Thanks for this. I'm having this same issue and I cannot get around it. I've tried all of the various workarounds on the forums and nothing works. In the example above, I hang at "ifconfig wlan0 down". I've been beating my head against this wall for three hours with exactly zero results. Monitor mode is simply not functional in Kali 2.0. I'm about to restore to Kali 1.1 because of this, I basically can't work.

  6. #6
    Join Date
    2015-Aug
    Posts
    19
    Hello there... Mr. Musket33 could you please give me ideas on how to create multiple monitor modes on same wireless card in Kali 2.0 like it was mon0 mon1 in kali 1.1 ?? I am having problem in it...

  7. #7
    Join Date
    2016-Feb
    Posts
    1
    Hey. The instructions above don't seem to be possible in my situation. Maybe I'm missing something but I'm not able to run the first command because airmon-ng fails to start if Network-Manager is running. So wlan0mon is never created . If I omit the first step an manually put the card into monitor mode using iwconfig, then other tools like airdrop-ng break.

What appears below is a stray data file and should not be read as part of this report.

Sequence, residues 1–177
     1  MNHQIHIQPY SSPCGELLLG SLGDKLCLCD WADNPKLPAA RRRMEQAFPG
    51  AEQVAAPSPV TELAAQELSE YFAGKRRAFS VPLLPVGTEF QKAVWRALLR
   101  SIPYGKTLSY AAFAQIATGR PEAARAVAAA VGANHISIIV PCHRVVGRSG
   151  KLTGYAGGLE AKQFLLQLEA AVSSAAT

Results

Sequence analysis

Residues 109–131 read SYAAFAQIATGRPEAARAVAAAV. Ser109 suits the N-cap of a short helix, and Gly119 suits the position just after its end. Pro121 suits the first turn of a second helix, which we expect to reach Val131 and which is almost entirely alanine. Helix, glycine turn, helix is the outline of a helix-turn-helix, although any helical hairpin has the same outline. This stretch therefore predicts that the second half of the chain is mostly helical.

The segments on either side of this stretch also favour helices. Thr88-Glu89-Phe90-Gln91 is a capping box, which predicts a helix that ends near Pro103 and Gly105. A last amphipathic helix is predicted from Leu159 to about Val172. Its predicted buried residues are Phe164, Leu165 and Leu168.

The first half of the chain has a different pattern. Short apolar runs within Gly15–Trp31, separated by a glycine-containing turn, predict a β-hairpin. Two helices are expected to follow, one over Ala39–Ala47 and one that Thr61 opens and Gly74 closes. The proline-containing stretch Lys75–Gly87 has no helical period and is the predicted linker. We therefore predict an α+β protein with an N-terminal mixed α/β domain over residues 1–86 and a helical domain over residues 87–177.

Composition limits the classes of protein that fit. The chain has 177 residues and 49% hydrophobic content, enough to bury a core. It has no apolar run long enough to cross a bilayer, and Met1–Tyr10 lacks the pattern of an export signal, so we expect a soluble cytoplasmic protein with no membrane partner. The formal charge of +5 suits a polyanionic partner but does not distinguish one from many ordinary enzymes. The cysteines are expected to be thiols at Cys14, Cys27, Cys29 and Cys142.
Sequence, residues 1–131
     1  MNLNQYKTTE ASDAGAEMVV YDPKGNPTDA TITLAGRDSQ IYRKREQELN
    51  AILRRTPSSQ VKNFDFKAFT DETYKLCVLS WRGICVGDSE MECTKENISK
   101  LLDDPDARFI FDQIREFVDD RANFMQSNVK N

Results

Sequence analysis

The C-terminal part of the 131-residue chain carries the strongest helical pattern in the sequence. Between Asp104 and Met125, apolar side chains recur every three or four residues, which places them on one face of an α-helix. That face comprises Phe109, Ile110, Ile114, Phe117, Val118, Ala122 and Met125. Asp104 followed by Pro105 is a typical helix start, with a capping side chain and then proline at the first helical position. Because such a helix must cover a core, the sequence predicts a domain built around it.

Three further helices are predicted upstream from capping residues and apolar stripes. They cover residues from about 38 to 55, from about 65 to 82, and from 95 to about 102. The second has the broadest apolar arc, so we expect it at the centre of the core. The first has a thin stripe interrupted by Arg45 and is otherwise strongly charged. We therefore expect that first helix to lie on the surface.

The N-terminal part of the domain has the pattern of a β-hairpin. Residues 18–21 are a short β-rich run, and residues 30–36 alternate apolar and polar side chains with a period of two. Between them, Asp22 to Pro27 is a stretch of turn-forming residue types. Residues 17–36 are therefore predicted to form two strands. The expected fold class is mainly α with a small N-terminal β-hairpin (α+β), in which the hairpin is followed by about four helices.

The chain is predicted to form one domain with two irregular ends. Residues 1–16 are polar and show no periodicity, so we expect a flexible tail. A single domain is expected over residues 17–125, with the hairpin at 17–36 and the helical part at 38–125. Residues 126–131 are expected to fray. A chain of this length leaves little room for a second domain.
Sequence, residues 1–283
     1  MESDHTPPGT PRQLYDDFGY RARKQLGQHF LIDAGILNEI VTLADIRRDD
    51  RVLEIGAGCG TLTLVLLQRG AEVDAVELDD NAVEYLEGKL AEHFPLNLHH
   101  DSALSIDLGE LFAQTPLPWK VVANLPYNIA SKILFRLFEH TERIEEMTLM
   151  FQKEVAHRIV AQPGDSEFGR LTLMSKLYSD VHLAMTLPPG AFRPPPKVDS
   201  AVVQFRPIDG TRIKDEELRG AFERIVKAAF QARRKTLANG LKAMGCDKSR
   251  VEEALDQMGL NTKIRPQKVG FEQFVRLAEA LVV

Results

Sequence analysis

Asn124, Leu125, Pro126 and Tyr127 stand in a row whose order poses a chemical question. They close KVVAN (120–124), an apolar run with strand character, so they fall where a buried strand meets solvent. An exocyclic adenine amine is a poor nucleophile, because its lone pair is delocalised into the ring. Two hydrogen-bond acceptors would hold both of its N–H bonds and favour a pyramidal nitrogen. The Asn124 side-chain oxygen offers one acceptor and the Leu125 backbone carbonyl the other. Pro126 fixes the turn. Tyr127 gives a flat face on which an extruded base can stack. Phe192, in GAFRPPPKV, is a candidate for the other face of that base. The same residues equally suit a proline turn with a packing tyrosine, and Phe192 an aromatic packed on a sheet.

Any idea as to how I can get the card into monitor mode using airmon-ng but keep network manager running?

  8. #8
    Join Date
    2015-Mar
    Posts
    141
    I've found network manager to be nothing but a problem and I uninstall it in any system i have. Also, i second the vote for Wicd
    Network manager kept taking my second card out of monitor mode.

    As for creating multiple monitor interfaces, just use iw:
    Code:
    iw dev wlanX interface add monX type monitor
    just change wlanX for the parent interface then monX to what you want the monitor interface to be named, then just run it as many times as you need more interfaces just increment the monX number (mon0 mon1 mon2 etc...)

    Note: you will most likely have to put the parent interface down.

    This way you will be able to be connected to the internet with one card, and another can be in monitor mode.